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HOME&GARDEN: Preventing cold damage to landscape plants

Timothy Daly

Timothy Daly

In winter, many homeowners become concerned about the potential damage of the cold weather on their landscape plants. However, most of the woody ornamental trees, shrubs, groundcovers, vines and herbaceous perennials sold at local nurseries are capable of surviving very cold temperatures.

The cold hardiness of the plant material and how the plants have been cared for during the growing season — proper watering, pruning, fertilizing and pest control — can help in minimizing damage caused by freezing temperatures.

Cold injury can occur on both roots and above ground plant parts, water inside the plant freezes and expands causing tissue damage. Leaves and shoots will appear water soaked and wilted, turning them black in a few days. The extent of cold damage can be difficult to ascertain until the plant fails to come out of dormancy in the spring.

The parts of the plant most vulnerable to cold injury are the roots and the crown (the part where the roots meet the stem). The bark will often split at the crown near the soil line. The tissues in the trunk of the plant will freeze, then rupture when exposed to the morning sun.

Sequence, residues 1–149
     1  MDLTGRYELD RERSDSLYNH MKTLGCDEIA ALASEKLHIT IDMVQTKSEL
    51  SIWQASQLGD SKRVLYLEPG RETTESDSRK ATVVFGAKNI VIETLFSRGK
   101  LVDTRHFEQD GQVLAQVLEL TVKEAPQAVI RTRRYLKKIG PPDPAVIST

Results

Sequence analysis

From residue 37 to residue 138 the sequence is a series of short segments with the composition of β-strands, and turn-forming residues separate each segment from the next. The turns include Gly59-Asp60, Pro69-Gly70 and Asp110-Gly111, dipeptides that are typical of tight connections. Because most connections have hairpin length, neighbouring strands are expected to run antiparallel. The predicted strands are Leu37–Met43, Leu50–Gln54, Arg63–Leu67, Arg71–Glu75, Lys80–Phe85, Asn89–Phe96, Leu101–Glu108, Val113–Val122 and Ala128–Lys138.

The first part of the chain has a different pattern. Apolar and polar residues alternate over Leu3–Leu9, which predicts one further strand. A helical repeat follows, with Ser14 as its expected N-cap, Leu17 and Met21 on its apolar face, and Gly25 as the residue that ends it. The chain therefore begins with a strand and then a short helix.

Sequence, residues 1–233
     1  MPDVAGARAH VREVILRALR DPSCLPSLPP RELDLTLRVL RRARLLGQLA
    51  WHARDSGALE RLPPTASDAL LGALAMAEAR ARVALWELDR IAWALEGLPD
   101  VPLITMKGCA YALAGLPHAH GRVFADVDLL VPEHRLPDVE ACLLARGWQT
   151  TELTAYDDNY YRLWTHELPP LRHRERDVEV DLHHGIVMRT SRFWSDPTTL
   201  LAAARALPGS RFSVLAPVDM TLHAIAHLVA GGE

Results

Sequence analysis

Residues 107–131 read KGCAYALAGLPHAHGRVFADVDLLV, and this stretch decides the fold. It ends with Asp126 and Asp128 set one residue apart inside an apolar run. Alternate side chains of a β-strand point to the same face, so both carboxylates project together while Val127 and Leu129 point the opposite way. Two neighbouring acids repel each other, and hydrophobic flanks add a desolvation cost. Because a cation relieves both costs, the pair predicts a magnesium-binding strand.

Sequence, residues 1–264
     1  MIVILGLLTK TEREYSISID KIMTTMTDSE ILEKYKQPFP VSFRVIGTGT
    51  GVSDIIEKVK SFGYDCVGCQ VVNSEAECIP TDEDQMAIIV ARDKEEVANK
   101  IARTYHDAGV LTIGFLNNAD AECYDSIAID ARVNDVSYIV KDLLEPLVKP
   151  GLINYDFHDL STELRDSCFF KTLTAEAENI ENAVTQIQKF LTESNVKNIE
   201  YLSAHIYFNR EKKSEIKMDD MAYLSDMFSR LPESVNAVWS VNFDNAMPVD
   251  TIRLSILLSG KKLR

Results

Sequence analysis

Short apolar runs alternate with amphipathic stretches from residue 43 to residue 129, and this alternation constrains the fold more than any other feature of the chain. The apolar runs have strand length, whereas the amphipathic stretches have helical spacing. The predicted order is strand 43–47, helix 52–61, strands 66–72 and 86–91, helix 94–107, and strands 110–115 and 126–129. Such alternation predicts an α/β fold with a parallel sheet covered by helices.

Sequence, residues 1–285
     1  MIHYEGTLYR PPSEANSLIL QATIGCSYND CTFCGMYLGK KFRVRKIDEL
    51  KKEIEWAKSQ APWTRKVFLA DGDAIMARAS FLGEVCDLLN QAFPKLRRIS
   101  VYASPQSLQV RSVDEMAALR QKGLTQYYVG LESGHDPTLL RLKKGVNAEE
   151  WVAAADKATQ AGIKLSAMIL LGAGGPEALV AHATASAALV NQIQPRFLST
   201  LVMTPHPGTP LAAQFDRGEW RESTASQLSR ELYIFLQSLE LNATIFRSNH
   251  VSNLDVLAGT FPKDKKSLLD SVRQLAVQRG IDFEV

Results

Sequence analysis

Azaleas, camellias, gardenias and similar plants are especially vulnerable to bark splitting. You can observe the damage on the lower stems and branches near the soil surface. Injury from split bark can appear later in the year as dead twigs and branches. Always install these plants in areas where they will receive adequate protection from winter wind to reduce the likelihood of bark splitting.

Following a hard freeze, a simple way to determine if the plant material is dead or alive is to scratch the bark with your fingernail. If the stem tissue is green or white where you scratched, then that wood is still alive and it should put out new growth in the spring. If, however, the stem tissue is brown or brittle, then that branch is most likely dead.

Do not be in a rush to remove any plants that appear damaged. Before removing dead plants or pruning out dead wood, wait until springtime when the plants start to come out of dormancy. If a plant does not leaf out, then remove the dead plant or prune out the dead wood.

What are some ways to reduce the risk of freeze damage? Properly cared for plants in the home landscape during the growing season have a greater chance of surviving a hard freeze. Nevertheless, do keep these tips in mind in order to reduce the risk of cold damage:

• Purchase and install plant material that is tolerant of the cold weather extremes in our area. Gwinnett County is in USDA hardiness zone 7b, meaning the winter temperatures have the potential to drop to 50 to 100 degrees. Any plants purchased should be hardy for this zone.

• Maintain a two- to three-inch layer of mulch around plants at all times. Mulch helps to insulate root systems and protect the soil from rapid temperature fluctuations.

• Never apply a high nitrogen fertilizer during the fall. Fertilizing may stimulate growth that cold weather may injure or kill. Delay fertilizing until late March or April when all danger of freezing has passed.

• Avoid intensive pruning in the fall as it may also stimulate late season growth, increasing the risk of cold injury.

Timothy Daly, MS, Agricultural and Natural Resource Extension Agent, Gwinnett County Extension. Tim may be contacted by phone at 678-377-4010 or by e-mail at timothy.daly@gwinnettcounty.com.